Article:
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Gamers facing obesity and mental health risks

Parents have been warned of the potential dangers of children watching TV while using other interactive devices.

University researchers said children were often "multi-screen viewing" -- watching TV while at the same time using smartphones, laptops or hand-held gaming devices.

A sedentary lifestyle -- linked to spending lots of time watching TV and playing computer games -- is thought to increase the risk of obesity and mental health problems, researchers at Bristol and Loughborough universities said.

It is now possible to watch TV 'on demand' via the internet, play computer games on laptops, hand-held devices or mobile phones, keep in contact with friends using text, Facebook, Skype and MSN, and to do all this concurrently.

Previous studies have not examined if children take part in multi-screen viewing or their reasons for doing so.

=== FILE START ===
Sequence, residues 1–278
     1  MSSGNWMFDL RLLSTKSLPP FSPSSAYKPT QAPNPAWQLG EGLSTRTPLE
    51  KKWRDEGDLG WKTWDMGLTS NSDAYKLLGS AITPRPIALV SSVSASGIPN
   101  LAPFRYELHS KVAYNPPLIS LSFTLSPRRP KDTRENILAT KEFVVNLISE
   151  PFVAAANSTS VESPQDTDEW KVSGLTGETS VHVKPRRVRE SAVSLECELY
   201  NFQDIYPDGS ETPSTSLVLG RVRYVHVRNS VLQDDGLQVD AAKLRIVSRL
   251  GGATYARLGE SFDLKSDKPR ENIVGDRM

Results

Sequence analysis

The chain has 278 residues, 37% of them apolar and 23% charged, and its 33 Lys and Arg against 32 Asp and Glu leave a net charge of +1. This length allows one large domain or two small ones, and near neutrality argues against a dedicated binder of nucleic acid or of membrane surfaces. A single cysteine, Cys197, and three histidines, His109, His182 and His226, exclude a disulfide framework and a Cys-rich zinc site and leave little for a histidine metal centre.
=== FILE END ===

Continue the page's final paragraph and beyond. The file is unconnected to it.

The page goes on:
The researchers questioned 63 10 to 11-year-olds and found the children enjoyed looking at more than one screen at a time.

They use a second device to fill in breaks during their entertainment, often talking or texting their friends during adverts or while they were waiting for computer games to load.

The television was also used to provide background entertainment while they were doing something else -- especially if the programme chosen by their family was considered 'boring'.

One study respondents said: "I'm on my DSi and my laptop. On my DSi I'm on MSN and on my laptop I'm on Facebook and then the TV is on."

Dr Russ Jago, from Bristol University's Centre for Exercise, Nutrition and Health Sciences, said: "There is a shortage of information about screen viewing among children, especially given the rapid advances technology and their widespread availability.


"For example, TV programmes are watched on computers, games consoles can be used to surf the internet, smartphones, tablet computers and hand-held games play music, video games provide internet access, and laptop computers can do all of the above."

Dr Jago added: "Health campaigns recommend reducing the amount of time children spend watching TV.

"However, the children in this study often had access to at least five different devices at any one time, and many of these devices were portable."

The research paper is published today in the International Journal of Behavioural Nutrition and Physical Activity.